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  • Hey, it's Marie Forleo and you are watching MarieTV, the place to be to create a business

  • and life you love.

  • If you or anyone you know has ever struggled with sadness or loss or depression, my guest

  • today is here to share an enlightening perspective on its deeper meaning in our lives.

  • Marianne Williamson is an internationally acclaimed spiritual author and lecturer.

  • Marianne has been a popular guest on shows like Oprah, Larry King Live, Good Morning

  • America, Charlie Rose, and Bill Maher.

  • Six of her eleven published books have been New York Times Bestsellers.

  • The mega-bestseller, A Return to Love, is considered a must read.

  • Marianne's other books include The Law of Divine Compensation, The Age of Miracles,

  • Everyday Grace, A Woman's Worth, Illuminata, Healing the Soul of America, A Course in Weight

  • Loss, The Gift of Change, and A Year of Miracles.

  • Her newest book, Tears to Triumph: The Spiritual Journey from Suffering to Enlightenment, is

  • available now.

  • Marianne is a native of Houston, Texas and is the founder of Project Angel Food, a meals

  • on wheels program that serves homebound people with AIDS in the Los Angeles area.

  • To date, Project Angel Food has served over 10 million meals.

  • Marianne also co-founded The Peace Alliance and serves on the board of The Results Organization,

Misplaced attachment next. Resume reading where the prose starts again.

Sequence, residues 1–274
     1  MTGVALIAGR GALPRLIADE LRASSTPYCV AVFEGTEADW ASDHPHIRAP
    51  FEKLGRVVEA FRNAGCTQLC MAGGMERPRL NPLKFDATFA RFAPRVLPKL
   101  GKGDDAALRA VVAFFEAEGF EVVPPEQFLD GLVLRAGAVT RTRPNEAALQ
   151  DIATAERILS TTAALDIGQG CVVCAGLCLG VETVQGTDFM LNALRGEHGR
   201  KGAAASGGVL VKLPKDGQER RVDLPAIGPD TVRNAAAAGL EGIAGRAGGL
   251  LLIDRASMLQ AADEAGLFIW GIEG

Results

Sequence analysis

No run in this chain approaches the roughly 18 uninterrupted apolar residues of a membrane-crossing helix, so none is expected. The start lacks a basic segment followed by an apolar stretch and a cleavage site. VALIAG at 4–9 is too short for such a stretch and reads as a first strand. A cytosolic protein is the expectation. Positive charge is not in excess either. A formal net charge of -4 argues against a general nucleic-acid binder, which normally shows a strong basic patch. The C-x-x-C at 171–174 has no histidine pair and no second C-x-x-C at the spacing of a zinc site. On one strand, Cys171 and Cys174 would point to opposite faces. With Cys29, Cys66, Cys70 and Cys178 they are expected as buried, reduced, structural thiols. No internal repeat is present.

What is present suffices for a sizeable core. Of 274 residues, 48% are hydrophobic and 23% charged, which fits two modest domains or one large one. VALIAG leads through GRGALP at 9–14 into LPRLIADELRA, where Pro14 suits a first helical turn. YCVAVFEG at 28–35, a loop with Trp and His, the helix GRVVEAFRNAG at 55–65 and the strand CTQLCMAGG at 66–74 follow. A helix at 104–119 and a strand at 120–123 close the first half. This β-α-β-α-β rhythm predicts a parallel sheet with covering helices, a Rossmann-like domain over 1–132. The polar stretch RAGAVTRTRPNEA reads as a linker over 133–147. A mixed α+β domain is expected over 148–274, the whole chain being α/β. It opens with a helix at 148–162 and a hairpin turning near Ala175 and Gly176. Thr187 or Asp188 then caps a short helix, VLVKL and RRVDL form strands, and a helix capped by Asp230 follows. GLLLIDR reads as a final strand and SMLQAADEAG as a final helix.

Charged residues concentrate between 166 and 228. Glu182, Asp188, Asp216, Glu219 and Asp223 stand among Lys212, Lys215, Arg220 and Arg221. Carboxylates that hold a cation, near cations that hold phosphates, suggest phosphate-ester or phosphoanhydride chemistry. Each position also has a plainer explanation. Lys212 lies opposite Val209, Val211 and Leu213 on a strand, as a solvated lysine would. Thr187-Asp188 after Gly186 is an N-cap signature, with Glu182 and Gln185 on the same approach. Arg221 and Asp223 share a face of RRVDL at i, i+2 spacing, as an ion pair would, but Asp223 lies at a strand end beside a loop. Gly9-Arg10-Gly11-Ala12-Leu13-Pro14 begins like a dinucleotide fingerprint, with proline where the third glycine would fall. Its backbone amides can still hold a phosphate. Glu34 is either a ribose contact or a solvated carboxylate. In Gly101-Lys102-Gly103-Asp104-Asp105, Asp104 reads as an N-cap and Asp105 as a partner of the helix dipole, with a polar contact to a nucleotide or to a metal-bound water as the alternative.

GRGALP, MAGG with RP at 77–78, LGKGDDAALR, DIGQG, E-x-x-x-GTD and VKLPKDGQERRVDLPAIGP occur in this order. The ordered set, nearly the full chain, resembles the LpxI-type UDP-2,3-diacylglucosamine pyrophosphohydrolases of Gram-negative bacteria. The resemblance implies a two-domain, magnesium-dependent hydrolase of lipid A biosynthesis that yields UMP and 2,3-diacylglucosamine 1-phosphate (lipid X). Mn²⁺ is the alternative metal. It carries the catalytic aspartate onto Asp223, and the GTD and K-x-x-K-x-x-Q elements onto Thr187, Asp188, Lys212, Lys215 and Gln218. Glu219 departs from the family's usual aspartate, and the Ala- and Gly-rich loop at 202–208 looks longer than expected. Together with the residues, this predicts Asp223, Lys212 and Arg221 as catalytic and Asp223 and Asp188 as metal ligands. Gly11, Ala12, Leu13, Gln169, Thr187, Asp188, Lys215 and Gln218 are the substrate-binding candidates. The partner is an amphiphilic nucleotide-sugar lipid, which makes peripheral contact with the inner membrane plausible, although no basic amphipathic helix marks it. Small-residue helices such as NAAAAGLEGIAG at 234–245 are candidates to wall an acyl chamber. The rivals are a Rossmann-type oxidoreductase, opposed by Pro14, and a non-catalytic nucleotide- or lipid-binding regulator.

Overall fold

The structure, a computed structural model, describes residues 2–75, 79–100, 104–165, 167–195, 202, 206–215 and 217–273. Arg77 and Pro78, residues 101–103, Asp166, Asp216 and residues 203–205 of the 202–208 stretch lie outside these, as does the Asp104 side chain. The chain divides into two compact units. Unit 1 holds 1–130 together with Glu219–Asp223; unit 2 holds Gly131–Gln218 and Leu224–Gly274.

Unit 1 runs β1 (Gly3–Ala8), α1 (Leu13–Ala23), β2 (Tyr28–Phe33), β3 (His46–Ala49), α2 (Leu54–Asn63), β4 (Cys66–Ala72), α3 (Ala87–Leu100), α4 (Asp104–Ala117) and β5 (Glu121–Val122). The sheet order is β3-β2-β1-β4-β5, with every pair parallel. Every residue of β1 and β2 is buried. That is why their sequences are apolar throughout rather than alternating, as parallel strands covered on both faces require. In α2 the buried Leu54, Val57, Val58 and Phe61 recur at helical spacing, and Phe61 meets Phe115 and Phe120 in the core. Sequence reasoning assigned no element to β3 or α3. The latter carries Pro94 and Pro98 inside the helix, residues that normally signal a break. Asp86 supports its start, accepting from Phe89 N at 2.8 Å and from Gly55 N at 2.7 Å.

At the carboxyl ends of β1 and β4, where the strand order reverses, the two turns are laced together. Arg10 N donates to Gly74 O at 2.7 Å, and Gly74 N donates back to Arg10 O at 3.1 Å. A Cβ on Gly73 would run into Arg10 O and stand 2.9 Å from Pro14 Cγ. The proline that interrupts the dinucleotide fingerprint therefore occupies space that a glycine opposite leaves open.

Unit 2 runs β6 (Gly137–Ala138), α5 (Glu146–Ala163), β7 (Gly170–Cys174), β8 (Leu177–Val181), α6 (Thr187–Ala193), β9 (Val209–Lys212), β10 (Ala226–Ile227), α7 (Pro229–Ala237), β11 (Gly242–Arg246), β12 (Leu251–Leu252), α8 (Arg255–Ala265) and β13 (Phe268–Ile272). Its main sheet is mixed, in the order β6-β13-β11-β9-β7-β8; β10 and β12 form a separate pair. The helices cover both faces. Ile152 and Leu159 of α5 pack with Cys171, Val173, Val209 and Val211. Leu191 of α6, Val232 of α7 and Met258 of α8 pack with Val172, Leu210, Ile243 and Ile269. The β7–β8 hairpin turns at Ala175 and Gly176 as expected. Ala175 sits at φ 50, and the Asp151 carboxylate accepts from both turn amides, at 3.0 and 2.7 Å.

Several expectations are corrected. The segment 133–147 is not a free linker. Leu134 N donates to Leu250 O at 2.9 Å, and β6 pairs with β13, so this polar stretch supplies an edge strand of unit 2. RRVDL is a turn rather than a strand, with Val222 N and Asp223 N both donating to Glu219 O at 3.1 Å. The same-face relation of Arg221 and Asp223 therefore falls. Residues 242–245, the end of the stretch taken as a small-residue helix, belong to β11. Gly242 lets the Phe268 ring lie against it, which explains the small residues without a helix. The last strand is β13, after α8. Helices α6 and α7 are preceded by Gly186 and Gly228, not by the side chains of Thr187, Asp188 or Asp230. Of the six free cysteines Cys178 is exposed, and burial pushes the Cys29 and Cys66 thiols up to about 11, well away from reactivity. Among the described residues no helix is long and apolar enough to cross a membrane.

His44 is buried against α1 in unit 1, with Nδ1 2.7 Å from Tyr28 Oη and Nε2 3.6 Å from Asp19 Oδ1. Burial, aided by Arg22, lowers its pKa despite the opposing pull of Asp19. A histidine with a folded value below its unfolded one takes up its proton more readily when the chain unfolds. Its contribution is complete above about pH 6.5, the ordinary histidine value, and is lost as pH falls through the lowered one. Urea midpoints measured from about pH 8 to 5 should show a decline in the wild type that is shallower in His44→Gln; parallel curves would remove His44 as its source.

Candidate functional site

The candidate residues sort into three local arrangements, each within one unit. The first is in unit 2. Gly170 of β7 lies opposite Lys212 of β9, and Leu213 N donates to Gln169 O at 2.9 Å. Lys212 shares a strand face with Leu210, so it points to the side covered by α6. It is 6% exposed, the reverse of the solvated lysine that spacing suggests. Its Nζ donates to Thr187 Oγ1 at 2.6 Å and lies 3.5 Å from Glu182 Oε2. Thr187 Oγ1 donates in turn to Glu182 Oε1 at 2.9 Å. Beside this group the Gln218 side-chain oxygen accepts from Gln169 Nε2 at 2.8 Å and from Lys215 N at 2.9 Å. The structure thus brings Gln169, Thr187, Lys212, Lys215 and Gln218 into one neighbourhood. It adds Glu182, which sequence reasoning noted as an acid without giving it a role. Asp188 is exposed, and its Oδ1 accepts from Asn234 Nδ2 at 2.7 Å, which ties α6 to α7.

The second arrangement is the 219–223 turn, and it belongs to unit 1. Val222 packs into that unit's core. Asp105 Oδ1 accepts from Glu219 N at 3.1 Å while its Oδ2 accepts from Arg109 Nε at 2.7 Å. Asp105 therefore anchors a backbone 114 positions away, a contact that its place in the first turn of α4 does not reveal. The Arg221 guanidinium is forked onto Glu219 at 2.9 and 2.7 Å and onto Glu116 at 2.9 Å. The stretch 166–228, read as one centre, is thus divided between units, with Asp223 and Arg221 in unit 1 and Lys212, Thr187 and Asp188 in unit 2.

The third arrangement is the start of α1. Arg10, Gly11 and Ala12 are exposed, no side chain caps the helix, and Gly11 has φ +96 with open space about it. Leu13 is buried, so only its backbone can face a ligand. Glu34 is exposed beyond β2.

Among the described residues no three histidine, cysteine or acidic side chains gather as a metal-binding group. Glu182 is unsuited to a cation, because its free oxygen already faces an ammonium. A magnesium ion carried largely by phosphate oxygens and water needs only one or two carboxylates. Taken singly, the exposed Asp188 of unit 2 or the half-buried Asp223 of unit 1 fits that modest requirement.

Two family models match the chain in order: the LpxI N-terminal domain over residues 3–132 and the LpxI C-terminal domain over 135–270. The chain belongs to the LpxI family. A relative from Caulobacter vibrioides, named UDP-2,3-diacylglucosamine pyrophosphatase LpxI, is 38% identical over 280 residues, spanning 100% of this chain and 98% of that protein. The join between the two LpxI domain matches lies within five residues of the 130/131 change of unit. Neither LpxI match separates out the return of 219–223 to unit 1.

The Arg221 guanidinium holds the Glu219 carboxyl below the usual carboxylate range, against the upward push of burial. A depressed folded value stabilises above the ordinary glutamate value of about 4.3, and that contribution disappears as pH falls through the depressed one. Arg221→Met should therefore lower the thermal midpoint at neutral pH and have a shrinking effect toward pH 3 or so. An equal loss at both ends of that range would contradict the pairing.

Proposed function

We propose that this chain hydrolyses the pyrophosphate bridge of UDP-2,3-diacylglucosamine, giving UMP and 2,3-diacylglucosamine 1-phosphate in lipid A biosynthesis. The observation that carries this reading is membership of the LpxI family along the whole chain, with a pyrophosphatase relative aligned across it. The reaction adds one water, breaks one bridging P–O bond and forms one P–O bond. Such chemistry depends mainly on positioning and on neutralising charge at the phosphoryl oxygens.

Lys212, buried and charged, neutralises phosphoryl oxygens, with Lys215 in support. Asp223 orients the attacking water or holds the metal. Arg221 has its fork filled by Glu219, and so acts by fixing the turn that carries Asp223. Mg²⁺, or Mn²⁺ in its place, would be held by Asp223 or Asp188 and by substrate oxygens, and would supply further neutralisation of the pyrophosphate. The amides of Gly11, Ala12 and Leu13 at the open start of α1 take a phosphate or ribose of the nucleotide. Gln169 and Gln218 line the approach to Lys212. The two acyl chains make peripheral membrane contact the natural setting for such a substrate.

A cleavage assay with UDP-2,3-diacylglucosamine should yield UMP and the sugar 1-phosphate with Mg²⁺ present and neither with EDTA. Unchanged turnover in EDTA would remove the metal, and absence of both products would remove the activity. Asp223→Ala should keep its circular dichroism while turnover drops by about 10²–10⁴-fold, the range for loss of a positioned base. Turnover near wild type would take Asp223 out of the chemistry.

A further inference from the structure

• working to end the worst ravages of hunger and poverty throughout the world.

  • Marianne, thank you so much for making time to be here.

  • Thank you for having me.

  • I want to acknowledge, once again, I know you've been on the show before and we only

  • did audio because we had some challenges with the video.

  • But thank you for the work that you do in the world.

  • Right back at you.

  • I've told you this

  • Thank you.

  • ...it justit always makes such a difference to me and I'm always so excited when you

  • have a new book coming out, which today

  • It's an honor when you say that.

  • Thank you.

  • Tears to Triumph.

  • Read the full thing.

  • It is extraordinary.

  • Thank you.

  • You've been counseling people for over 30 years

  • Yes.

  • ...in some very serious situations.

  • Indeed.

  • You've also had dark nights of the soul yourself.

  • Tell us about what inspired you to write this book now.

  • Well, actually, why I decided to write the book, I ran for Congress a couple of years

  • ago.

  • And after the election, a few days afterwards, I was being interviewed by Maria Shriver and

  • she asked me if I was sad.

  • And I said, “No, I'm not sad.”

  • She said, “Really?

  • You're not sad at all?”

  • I said, “No, you know, somebodyyou don't go into a political election knowing you're

  • going to win.

  • Somebody's going to win, somebody's going to lose.

  • So I'm not sad, I'm… whatever.”

  • She said, “Really?

  • You're not just a little bit sad?”

  • She said, “I had a cousin who ran for Congress and lost and it was just devastating for him

  • for a long time.”

  • And I just

  • No, it's not sad.”

  • And then about 2 or 3 days later I think, I was actually sitting in my apartment and

  • it was like a black wave, huge wave, was coming at me like a tsunami.

  • And I knew it.

  • There was no mistaking it.

  • And I had been through it once, very, very terrible time in my life, a tragic time in

  • my life decades before.

  • But also, we all go through our dark nights of the soul.

  • And I think also, suffering gives you x-ray vision into other people's sufferings.